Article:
14ymedio, Havana, 17 December 2021 — The diplomatic staff at the United States embassy in Guyana will be increased next year in order to eliminate backlogs in the granting of visas to Cubans, primarily applicants who are applying for family reunification.
The announcement was made by representatives of the State Department this Thursday at a press conference with the South Florida media.
“I am sure that in 2022 we will reduce the delays, as long as there are no logistical complications or due to the pandemic,” said Víctor García Rivera, director of Visas of the diplomatic legation in the city of Georgetown. He said the department’s strategy will be to expand “the number of civil servants and increase the number of appointments.”
According to Radio Television Marti, the State Department estimates that in 2021 more than 78,000 Cubans waited for the consular interview in Guyana. In addition to the delays in the procedures due to the pandemic, at the beginning of the year the Cuban government suspended direct flights to the South American country and many applicants had to reschedule their appointments.
“We are dedicated to reuniting the Cuban family and we are going to see the results in the coming months,” Garcia Rivera insisted.
Mara Tekach, coordinator of the State Department’s Office of Cuban Affairs, suggested that the petitioners and applicants arrange their flights to Guyana directly with the airlines so as not to be victims of scams. “There are certain agencies that sell tickets at very high prices given the low number of flights between Havana and Georgetown,” she said.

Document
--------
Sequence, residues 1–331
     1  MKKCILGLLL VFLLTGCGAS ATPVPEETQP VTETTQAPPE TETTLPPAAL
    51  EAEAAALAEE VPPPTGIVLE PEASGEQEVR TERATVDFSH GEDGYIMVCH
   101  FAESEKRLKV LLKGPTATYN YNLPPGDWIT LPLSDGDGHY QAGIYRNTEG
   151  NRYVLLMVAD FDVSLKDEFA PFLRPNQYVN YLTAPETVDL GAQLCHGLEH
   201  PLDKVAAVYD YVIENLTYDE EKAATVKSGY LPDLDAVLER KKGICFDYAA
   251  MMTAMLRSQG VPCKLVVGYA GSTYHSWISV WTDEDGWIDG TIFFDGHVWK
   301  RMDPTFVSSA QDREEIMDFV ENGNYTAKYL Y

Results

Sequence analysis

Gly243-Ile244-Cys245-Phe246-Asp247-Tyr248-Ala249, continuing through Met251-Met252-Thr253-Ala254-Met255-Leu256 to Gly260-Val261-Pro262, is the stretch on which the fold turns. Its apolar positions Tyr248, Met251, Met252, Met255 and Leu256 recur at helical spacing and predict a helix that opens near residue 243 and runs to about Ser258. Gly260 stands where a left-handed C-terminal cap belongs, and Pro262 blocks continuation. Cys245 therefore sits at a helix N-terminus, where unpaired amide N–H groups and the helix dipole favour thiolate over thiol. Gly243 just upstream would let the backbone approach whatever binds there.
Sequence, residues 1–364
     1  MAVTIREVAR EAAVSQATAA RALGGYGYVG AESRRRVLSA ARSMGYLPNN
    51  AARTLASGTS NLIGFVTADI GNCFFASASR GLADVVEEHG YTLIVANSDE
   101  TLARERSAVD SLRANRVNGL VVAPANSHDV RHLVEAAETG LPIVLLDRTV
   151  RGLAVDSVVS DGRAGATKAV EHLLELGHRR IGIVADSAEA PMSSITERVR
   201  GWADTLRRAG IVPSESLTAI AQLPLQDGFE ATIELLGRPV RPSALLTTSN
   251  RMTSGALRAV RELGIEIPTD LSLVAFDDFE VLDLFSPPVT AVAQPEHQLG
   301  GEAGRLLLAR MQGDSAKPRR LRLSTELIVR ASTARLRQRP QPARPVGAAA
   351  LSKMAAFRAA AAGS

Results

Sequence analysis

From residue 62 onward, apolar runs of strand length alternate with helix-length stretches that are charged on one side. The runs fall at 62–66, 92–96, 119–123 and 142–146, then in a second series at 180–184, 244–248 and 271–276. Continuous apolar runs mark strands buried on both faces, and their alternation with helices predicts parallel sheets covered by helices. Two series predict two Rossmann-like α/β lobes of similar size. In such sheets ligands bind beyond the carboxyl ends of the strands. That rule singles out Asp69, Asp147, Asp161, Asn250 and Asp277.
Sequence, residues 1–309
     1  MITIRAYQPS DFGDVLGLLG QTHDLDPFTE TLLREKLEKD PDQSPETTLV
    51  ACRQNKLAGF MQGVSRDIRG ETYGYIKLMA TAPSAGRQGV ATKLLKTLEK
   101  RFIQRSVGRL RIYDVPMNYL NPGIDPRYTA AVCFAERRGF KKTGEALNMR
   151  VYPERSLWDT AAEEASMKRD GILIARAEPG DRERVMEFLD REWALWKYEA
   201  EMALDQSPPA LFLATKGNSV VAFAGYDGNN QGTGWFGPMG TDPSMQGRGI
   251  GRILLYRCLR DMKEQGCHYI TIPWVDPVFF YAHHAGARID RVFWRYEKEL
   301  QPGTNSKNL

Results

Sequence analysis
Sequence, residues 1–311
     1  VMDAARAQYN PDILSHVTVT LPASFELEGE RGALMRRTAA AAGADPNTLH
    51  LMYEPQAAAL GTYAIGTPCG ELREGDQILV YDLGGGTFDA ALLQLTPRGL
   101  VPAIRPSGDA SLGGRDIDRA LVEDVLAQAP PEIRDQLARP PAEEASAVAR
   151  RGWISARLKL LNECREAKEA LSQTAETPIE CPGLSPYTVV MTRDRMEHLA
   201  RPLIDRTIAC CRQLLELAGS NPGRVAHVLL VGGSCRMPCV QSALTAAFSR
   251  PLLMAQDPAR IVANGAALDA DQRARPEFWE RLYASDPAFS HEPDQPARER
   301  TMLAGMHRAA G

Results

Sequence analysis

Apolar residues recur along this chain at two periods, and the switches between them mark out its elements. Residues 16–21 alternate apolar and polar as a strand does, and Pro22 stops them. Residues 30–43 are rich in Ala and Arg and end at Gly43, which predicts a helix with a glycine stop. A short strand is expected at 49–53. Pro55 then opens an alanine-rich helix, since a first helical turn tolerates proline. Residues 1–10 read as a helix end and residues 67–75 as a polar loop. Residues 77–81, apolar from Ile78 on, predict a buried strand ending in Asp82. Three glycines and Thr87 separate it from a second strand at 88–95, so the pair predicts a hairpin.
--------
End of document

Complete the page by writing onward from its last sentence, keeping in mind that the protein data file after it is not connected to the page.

“We are working to see if we can restore services and increase staff at the embassy in Havana in order to provide consular services while maintaining the safety of our diplomats,” Tekach said, speaking to journalists about the possible reopening of the consular headquarters in Cuba, which is still without a definite date. “It was what the president announced and we are working on that.”
The United States substantially reduced the staff of its embassy in Cuba in 2017 after some thirty American diplomats suffered mysterious “health incidents” known as Havana syndrome, the reasons for which have not yet been clarified.
Former President Donald Trump (2017-2021) then accused the Cuban government of being responsible for what the US authorities described as “acoustic” or “sonic” attacks, which served as a pretext for the then president to break the diplomatic thaw with the Island.
Since then, nationals of the Island who wish to emigrate or travel to the United States must apply for their visas mainly in Guyana — which allows Cubans to travel to the country without a visa — or in any other country that they can legally travel to for the interview at an American consular headquarters.
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